How to Read Educational Data When Choosing an Intervention Programme

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How to Read Educational Data When Choosing an Intervention Programme

Before committing to any new school initiative, it’s important to demonstrate due diligence and research your prospective purchase. This is of course especially important for school leaders when we consider the current financial constraints on UK schools. School leaders will endeavour to evaluate the efficacy of any new external agency, but how do they?

How do you approach the process of due diligence when assessing potential programmes, training providers or other external agencies? Scrutinising data can be a daunting task and when presented with a myriad of figures and statistical information, it can be hard to see the wood for the trees.

It can be difficult to directly compare different programmes since most present their claims in different forms. So, it can be a challenge to make an informed decision on the best option for your school, students and staff.

A new intervention or school initiative is an investment; it’s an investment in monetary terms but it’s also an investment of your time and energy, in seeing it integrated successfully in school. As well as the time and energies of the nominated staff who will be ultimately responsible for running the programme. Therefore, schools need to be confident that they’re making the right investment and reassured by the evidence made available that the decision they’ve made is the right one.

Deciding on the right intervention is an important decision and often a pricey one so listed below are a few things to explore when considering providers.


Empirical data should never be hidden; evidence should be front and centre. The measure of impact should feature in a company’s key messaging. Any provider worth its salt should clearly state the progress demonstrated by students enrolled on their programme. So be wary of any ambiguous claims, vague references as to the benefits and general comments pertaining to improvement.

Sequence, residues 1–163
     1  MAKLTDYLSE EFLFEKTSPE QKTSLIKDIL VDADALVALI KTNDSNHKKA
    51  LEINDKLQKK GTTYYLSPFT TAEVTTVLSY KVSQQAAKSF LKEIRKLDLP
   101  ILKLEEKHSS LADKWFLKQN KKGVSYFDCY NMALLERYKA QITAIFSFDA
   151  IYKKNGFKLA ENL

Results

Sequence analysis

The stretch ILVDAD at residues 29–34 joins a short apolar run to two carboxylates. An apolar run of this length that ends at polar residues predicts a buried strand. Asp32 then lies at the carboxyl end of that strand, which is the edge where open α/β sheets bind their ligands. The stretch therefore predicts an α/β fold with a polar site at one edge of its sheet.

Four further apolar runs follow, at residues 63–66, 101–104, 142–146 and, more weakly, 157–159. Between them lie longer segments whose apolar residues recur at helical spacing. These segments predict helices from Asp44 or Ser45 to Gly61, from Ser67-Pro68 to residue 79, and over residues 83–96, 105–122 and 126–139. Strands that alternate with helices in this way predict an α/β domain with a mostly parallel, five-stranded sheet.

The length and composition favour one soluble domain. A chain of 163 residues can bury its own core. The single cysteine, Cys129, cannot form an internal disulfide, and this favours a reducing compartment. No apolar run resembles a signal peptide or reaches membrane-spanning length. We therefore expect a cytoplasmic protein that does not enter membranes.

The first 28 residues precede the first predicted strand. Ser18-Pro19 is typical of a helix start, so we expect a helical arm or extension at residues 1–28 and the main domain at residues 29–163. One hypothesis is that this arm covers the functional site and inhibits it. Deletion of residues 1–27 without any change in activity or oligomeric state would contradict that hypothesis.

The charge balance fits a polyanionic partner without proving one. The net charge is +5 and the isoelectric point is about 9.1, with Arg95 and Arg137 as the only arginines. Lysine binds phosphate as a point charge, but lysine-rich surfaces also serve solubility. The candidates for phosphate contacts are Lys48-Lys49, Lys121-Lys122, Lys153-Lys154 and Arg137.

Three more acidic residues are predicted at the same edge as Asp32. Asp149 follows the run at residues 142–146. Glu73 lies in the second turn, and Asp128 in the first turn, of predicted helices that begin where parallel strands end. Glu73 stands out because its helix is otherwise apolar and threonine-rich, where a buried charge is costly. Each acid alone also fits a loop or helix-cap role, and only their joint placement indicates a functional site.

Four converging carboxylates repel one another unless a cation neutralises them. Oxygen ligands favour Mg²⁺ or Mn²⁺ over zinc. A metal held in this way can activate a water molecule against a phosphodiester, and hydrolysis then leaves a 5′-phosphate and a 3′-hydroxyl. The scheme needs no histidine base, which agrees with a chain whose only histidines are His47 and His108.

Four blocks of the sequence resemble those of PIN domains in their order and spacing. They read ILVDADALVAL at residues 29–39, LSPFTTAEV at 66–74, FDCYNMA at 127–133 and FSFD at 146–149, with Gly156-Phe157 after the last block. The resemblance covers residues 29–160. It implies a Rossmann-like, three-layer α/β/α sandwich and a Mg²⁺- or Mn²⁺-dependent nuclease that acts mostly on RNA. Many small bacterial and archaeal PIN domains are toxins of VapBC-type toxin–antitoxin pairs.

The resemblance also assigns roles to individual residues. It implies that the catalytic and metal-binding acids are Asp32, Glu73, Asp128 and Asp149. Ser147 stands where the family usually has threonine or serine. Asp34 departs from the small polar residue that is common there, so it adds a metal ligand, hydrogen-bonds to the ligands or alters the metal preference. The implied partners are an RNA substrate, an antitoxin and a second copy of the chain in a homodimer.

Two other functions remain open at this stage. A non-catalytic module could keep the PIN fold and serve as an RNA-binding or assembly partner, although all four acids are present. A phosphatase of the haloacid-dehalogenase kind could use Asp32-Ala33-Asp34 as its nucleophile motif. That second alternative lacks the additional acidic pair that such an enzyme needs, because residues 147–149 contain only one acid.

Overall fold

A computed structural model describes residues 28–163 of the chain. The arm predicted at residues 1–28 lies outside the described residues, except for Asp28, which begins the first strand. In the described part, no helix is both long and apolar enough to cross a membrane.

Testimonials from customers are great and can add another layer of confidence when weighing up a provider but it should never be a substitute for empirical data. Impact evidence should be something a company wants to shout about and shouldn’t be something you have to hunt out on the footer of a webpage.

How does it impact on students? By how much?

In what timeframe?

School leaders should be presented with data which clearly illustrates the impact of the intervention. Ideally, there should also be longitudinal data which demonstrates sustainability. Providers should be able to demonstrate that any impact observed immediately following the programme is sustained over a long period of time.

This data needs to be independently evaluated by a reputable body and of a sufficient sample size to ensure validity of any statistical analysis. Again, be wary of any self-led analysis.

Evidence of impact

Developmentally, a student who does not require intervention, should make month for month progress. So, once we have identified a student who requires support, we must intervene with targeted intervention to bring them level with their peers as quickly as possible. Intervention must be specialised to the specific need and act as a fire break, it should be a short-term solution.

Successful interventions ought to result in the student being withdrawn from the classroom for the least amount of time possible. If the support implemented for students is ongoing with no set end date, this is not intervention, it is simply a programme of study.

Ratio gains are an important way to evaluate the effectiveness of an intervention and something all school leaders need to investigate.

Imagine you’re comparing two external intervention providers, Programme A boasts average reading age gains of 2.5 years and Programme B, a more modest 14 months.

Which one would you choose?

Programme A, right?

A gain of 2.5 years sounds like the right decision, and it would be IF the duration of the two programmes were comparable. A gain of 2.5 years in say 4 months compared to a gain of 14 months in 4 months would make Programme A the better choice. However, if Programme A was in fact 2.5 years gain following 24 months of intervention and Programme B was 14 months following 2 months of intervention then we might make a different choice.

To better compare the two interventions, we should consider the ratio gains of each intervention. The ratio gain is a calculation that takes the number of months gain divided by the number of months of intervention received. The result of which can be considered on a range of effectiveness:

1-2 can be considered as modest

2-3 can be considered as useful

3-4 can be considered substantial

4+ can be considered as remarkable

So, Programme A: 30 months ÷ 24 months = 1.25

Programme B: 14 months ÷ 2 months = 7

Programme A could be considered to have modest impact whereas Programme B has remarkable impact. After considering ratio gains, Programme B would be the better choice.